As US ambassador to Iraq, John Negroponte already has a tough
job. But now he's in line for something that in its own way might be
tougher: service as the first US director of national intelligence.
Iraq is dangerous, of course, and its politics intense.
In Washington, however, Ambassador Negroponte may find that the
DNI post comes with unprecedented responsibility, and less power
If confirmed by the Senate, Negroponte will be expected to set
overall budgets for a constellation of US intelligence agencies,
many of which might fight major changes he wishes to make.
By law, he'll be the president's chief adviser on intelligence
matters - but he'll have no direct control over actual intelligence
What's more, on his very own issues he'll have lots of
competition for the president's ear.
"Negroponte is going to have to fend for himself out there, with
the ambiguities in the law, and hope he can make it work on the
basis of goodwill," says Stansfield Turner, former director of
President Bush announced his pick of Negroponte for the DNI slot
at a snap Thursday press conference. It came at a time when the
administration was coming under increasing criticism for slowness in
trying to fill the job.
On Wednesday, for instance, Sen. John D. Rockefeller IV (D) of
West Virginia, the ranking minority member of the Senate
Intelligence Committee, complained publicly of "foot-dragging," and
called the delay in naming a DNI "simply unacceptable."
In announcing his choice, President Bush said that Negroponte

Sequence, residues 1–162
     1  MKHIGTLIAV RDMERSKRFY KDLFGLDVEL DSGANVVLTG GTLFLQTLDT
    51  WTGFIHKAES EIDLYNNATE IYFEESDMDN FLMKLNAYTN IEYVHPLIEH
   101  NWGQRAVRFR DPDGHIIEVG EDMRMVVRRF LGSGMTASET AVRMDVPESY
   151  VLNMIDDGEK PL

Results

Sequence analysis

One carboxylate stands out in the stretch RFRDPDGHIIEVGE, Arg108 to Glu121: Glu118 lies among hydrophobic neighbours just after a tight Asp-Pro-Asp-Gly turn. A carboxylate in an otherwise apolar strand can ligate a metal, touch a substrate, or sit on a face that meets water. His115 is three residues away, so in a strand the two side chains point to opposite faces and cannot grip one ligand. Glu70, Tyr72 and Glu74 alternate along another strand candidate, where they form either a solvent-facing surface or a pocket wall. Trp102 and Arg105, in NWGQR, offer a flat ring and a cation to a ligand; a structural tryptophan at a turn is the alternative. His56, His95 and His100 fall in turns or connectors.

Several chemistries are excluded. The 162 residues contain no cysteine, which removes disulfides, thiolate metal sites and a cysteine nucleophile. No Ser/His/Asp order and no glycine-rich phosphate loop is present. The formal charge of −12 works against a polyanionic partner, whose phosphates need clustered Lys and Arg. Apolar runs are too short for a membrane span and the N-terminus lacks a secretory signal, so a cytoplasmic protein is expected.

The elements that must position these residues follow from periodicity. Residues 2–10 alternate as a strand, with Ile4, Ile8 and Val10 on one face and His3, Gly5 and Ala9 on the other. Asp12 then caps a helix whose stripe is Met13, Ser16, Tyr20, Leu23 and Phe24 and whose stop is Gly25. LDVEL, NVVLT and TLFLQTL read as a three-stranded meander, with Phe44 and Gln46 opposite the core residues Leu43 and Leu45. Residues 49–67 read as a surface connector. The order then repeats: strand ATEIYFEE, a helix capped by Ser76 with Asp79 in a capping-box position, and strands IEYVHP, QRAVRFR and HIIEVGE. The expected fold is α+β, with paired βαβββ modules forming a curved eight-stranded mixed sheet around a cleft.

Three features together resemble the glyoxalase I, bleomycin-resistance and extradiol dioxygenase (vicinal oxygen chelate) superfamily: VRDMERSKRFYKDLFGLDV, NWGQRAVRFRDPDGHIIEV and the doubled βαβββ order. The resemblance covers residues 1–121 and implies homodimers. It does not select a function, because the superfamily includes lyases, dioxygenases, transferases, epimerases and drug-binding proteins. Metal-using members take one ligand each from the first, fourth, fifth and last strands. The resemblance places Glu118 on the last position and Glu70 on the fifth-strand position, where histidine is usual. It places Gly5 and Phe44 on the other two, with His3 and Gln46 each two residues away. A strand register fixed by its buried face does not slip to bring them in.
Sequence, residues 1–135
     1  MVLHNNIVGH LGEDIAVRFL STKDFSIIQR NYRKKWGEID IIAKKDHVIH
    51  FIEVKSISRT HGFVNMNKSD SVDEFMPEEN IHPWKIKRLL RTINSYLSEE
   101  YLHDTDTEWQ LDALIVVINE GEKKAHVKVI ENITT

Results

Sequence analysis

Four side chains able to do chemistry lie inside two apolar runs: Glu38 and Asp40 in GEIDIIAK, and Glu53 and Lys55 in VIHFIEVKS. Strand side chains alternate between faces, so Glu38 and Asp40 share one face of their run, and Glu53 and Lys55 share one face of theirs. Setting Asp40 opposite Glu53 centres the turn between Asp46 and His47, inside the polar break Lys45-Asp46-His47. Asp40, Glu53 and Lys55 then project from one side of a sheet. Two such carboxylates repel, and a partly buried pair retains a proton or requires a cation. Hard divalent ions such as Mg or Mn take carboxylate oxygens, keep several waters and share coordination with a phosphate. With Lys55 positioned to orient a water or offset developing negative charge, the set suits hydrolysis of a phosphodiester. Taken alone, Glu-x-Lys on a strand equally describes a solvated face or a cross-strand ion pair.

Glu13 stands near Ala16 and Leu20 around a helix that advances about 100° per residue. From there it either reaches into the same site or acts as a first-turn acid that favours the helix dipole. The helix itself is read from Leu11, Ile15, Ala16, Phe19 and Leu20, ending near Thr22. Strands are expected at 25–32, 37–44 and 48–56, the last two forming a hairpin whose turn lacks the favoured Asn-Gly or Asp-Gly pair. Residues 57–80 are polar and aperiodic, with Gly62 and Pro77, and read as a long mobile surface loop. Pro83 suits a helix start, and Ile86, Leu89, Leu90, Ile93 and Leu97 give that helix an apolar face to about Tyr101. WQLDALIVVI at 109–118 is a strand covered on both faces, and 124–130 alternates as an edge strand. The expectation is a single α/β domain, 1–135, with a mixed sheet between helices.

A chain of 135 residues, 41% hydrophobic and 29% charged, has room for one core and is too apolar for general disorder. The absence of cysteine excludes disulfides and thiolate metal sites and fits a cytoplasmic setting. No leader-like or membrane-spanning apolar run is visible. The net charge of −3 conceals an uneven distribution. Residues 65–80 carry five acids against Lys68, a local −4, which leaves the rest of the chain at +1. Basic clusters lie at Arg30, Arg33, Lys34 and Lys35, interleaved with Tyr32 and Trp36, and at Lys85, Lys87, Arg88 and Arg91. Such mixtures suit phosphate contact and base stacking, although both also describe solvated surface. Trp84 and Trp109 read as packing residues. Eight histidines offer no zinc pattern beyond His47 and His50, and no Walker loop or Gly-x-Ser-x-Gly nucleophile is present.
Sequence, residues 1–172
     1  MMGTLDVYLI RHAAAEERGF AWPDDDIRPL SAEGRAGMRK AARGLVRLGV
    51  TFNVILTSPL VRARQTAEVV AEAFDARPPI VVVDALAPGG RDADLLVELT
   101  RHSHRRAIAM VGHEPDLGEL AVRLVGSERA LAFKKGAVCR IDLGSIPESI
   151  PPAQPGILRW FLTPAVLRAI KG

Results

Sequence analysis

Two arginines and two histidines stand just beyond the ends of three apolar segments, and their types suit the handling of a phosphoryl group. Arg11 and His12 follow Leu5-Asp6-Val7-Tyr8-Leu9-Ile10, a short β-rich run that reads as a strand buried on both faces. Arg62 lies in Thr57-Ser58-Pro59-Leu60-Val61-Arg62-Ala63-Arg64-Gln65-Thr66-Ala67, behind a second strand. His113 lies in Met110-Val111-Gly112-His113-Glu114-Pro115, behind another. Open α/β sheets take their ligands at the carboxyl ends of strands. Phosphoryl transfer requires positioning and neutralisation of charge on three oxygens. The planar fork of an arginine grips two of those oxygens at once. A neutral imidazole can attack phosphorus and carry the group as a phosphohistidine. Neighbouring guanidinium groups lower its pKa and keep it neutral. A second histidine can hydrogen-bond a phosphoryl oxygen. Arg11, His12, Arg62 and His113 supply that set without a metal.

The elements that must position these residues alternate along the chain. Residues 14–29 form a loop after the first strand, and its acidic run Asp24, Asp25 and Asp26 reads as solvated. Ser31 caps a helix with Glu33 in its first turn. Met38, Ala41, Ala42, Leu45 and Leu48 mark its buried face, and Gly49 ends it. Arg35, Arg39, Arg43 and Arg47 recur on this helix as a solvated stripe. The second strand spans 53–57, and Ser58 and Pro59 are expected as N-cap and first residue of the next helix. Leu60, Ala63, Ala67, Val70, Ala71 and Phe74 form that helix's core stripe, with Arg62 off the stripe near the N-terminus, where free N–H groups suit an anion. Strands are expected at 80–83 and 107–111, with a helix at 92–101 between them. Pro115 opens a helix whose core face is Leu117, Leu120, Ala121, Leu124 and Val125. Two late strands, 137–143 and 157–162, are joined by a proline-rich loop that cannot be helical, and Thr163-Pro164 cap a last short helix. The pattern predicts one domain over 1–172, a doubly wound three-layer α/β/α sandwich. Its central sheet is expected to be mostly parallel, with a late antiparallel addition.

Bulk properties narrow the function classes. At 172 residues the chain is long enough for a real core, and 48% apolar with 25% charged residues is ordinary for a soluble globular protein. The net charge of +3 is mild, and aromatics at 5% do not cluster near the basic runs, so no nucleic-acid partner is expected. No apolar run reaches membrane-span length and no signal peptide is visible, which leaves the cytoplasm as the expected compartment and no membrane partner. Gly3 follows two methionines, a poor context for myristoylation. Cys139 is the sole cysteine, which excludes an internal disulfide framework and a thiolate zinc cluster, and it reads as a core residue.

understands the intelligence needs of US policymakers, plus the need
to make intelligence agencies work together.
"If we're going to stop the terrorists before they strike, we
must ensure that our intelligence agencies work as a single, unified
enterprise," said President Bush.
With Negroponte, Bush has a veteran security official whose wide-
ranging background may make him an obvious fit for the post.
But Negroponte's confirmation may not be a slam dunk. As
ambassador to Honduras from 1981-85, he played a prominent role in
aiding the contra rebels in their war with the left-wing Sandinista
government in neighboring Nicaragua.
In past some human rights groups have alleged that Negroponte
knew about and did not disapprove of the activities of Honduran
death squads funded and partly trained by the CIA. Negroponte has
testified that he did not believe death squads were operating in
He was personally never held responsible for any actions of the
death squads, but some officials within the CIA were, and in the
early 1990s the US government forced the CIA to change its methods
for recruiting and maintaining foreign agents after the abuses
became public. …